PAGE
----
It features nine stellar percussionists demonstrating nine complex, propulsive, compelling and exhilirating pieces and came about after a 1987 meeting between an Afro-French percussionist and the Guinean National Director of Culture and a French cultural advisor in Guinea.
When the ensemble was assembled, it rehearsed and developed its program and was launched on an European tour, during which this album was recorded. Instruments include:
- the djembe, which has a goatskin head and laced cording on a redwood body;
- the doundoumba, which is a bass drum using 55 gallon metal containers, rather than the older wood models, that are wrapped in skin applied with tension;
- the sangbeni, made of smaller metal containers with tensioned skin and generally attached to the doundoumba, for a different bass sound;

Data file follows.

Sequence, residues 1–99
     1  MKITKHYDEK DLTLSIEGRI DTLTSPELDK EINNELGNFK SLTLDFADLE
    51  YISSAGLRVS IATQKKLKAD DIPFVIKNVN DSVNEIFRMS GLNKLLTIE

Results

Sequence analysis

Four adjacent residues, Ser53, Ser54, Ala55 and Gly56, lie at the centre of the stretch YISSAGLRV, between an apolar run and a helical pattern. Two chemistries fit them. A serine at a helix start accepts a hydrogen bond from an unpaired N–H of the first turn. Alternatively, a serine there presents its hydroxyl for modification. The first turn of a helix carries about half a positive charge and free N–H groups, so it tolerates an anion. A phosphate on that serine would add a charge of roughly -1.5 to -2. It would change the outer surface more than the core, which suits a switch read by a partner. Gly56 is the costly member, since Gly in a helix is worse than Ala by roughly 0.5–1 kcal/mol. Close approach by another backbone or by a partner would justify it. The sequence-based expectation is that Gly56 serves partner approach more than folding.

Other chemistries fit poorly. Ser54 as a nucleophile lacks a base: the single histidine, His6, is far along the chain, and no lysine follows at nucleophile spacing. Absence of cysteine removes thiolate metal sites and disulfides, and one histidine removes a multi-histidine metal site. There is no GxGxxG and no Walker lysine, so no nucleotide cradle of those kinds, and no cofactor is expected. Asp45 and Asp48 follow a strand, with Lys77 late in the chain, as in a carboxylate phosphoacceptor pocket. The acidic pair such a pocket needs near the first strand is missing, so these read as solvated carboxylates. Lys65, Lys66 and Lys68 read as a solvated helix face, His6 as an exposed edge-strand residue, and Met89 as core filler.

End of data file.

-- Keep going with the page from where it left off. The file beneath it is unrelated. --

- the kenkeni, which is a smaller version of the previous two and hit with a stick;
- the krin, which is a hollowed portion of a tree trunk with slots and hit with two sticks;
- the wassakhoumba, a castanet-like instrument made of calabashes;
- the fedoundoun, a water drum made of two calabashes;
- and the sikko, which is a five-part instrument has a square wood frame with a goatskin head that can be tuned.
Of the nine pieces, several are played by the entire ensemble, while others have soloists, ranging from one to seven of the players in the group. Some reflect tribal dancers, others tell stories based on the traditions of tribal groups, one reflects the use of coded messages used in forests, and another comes from a circumcision ceremony.
Not only are these pieces played with consummate skill, power and intensity, but the recording conditions were excellent and the sound is stunning, adding to the impact the ensemble generates. Anyone who loves percussion and African drumming in particular will be especially impressed by this fantastic album.